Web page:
Uber’s silly solution to the daily commute grind

While the idea of casually commuting to work via flying aircraft is quite exciting, Uber Elevate still has many obstacles to navigate before takeoff. One hurdle consists of developing the infrastructure to support VTOL aircraft. This new infrastructure would include building ‘vertiports’. A ‘vertiport’ is a VTOL aircraft hub comprising of multiple takeoff and landing pads as well as charging stations for the vehicles. Vertiports would need to be constructed all around the cities and suburbs in order for Uber Elevate to be effective. As of now, Uber plans to build vertiports on existing helipads, on top of parking garages, rooftops, or on unused land around highway interchanges. Uber believes in the long run creating this new infrastructure will be more cost effective than continued work on building and repairing roads, rails, bridges, and tunnels.

Source: Skip the commute and fly to work with Uber Elevate – Twin Cities Agenda

This is a silly pie in the sky pipe dream. It calls for the construction of more transportation infrastructure — a 20th century solution to automobile commute congestion — to accommodate a 21st century vision straight out of The Jetsons. At a time when infrastructure funding is constrained.

We don’t need another form of transportation infrastructure to reduce commute congestion and the associated time suck of sitting in traffic. Instead, we need to better utilize and expand as necessary existing telecommunications infrastructure to serve knowledge workers in communities where they live, working at home or in shared supported office facilities. That can effectively reduce and eventually eliminate the commute rather than taking it to the skies.

As management expert Peter Drucker famously asked, why move a 200 pound body when all that’s needed is its eight pound brain? That question applies whether it’s ground or air transportation.

Home offices offer superior solution for congested, costly metro versus mass transit

As we demonstrate in a new report for Chapman University, our urban form does not work well for conventional mass transit. Too many people go to too many locales to work, and, as housing prices have surged, many have moved farther way, which makes trains less practical, given the lack of a dominant job center.

Rather than try to re-engineer the region, perhaps we should seek mobility solutions that can work. Building new rail lines — and, and even more absurdly, trolleys, which average a pathetic 8 miles per hour — will do nothing relieve traffic. More densification can be expected only to worsen congestion.

Arguably, the most promising step would be to encourage work at home. There are already more people working at home than transit riders in Southern California. Since 1990, home office use increased by eight times that of transit use, with virtually no public expenditure. Home-based workers, needless to say, do not receive subsidies.

Source: The great transit rip-off – Orange County Register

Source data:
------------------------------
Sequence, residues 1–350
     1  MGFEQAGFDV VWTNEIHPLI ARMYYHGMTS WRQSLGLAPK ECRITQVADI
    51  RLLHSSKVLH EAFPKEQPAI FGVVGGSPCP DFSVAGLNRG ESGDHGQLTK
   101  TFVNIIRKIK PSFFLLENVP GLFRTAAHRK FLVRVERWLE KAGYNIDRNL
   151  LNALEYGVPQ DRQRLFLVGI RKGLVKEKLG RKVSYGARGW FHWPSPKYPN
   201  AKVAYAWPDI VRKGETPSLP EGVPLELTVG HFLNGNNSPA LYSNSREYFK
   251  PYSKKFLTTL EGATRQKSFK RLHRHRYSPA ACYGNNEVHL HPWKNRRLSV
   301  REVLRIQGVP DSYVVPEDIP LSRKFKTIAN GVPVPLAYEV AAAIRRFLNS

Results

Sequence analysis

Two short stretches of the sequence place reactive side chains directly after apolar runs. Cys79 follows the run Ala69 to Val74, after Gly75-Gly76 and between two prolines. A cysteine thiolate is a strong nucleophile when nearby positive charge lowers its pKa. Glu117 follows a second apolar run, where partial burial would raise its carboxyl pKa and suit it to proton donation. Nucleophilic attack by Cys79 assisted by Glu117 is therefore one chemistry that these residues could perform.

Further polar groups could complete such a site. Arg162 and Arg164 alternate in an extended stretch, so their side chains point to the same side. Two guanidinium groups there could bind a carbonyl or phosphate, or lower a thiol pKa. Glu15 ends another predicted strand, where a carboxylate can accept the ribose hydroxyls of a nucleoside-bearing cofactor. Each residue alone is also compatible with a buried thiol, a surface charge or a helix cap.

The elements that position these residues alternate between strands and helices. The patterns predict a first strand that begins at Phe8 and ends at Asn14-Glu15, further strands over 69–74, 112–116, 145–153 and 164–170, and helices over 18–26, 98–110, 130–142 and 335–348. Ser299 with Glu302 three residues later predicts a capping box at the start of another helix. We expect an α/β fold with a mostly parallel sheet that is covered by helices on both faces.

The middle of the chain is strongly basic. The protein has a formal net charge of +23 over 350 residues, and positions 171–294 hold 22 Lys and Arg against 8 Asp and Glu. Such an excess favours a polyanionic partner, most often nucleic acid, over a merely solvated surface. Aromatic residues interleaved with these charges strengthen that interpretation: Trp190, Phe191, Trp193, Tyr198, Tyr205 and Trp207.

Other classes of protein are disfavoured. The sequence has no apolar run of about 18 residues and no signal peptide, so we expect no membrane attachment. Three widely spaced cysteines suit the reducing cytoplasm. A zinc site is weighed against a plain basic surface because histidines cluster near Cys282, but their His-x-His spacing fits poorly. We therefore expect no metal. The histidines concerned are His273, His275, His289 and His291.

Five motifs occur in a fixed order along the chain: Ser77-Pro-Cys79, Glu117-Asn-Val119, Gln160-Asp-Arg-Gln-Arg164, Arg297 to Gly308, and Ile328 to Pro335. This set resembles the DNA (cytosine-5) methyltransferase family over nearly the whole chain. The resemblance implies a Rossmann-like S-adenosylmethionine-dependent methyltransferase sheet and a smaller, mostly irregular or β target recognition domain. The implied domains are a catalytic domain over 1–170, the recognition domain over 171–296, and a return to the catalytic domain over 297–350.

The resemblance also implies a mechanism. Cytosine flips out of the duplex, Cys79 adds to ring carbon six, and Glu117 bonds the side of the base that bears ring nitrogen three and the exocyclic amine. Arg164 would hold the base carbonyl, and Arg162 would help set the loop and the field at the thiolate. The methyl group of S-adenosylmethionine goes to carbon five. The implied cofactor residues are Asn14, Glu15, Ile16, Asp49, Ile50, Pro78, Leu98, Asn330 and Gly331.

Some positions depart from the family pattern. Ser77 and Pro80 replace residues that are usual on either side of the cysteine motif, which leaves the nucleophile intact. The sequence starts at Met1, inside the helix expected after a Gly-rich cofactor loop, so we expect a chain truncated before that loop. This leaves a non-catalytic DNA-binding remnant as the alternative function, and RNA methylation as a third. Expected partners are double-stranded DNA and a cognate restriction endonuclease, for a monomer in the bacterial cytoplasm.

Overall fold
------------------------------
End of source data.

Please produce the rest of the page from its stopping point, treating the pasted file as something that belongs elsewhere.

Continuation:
Joel Kotkin and Wendell Cox explain why mass transit cannot ease congestion in Southern California. Their explanation extends to most of today’s metro areas. While organizations have commute-in work locations, they aren’t necessarily well served by transit lines. And getting to work by transit is quite challenging and promotes wellness destroying super commutes that take hours every day and require multiple transfers and modes of transportation as recently detailed by The New York Times.

Kotkin and Cox propose a sensible, environmentally friendly and low cost solution that does away with commuting altogether: enabling people to work at home. Since not everyone has suitable home office space in their homes, co-working spaces and satellite locations in communities where workers live also provide a solution. Public funds would be better invested on telecommunications infrastructure than mass transit to support knowledge work performed in these communities.

ICT offers big part of solution to housing affordability crisis — and federal infrastructure initiatives should fund it

The biggest constraint, Holman said, is a lack of available land. “Southern California is pretty spread out and opportunities for large-scale developments are often far from where people want to live,” he said.

Source: Middle-class workers can’t afford to buy homes in L.A. County and the future looks dim

People naturally want to live close to where they work in the traditional, Industrial Age paradigm where they work in centralized, commute-in locations. Problem is as this article illustrates is that concentrates demand that drives up the cost of housing to the point that it becomes unaffordable for most.






This is where today’s advanced information and communications technology (ICT) offers a solution at least for the many knowledge workers who engage in the no win tradeoff of commuting long distances in search of affordable housing. ICT distributes knowledge work out of high cost metro centers, making it possible to perform in outlying and less densely populated areas where housing dollars go further. That’s why major federal infrastructure plans currently under consideration should include funding for telecommunications infrastructure that puts these areas on a par with that found in densely populated areas.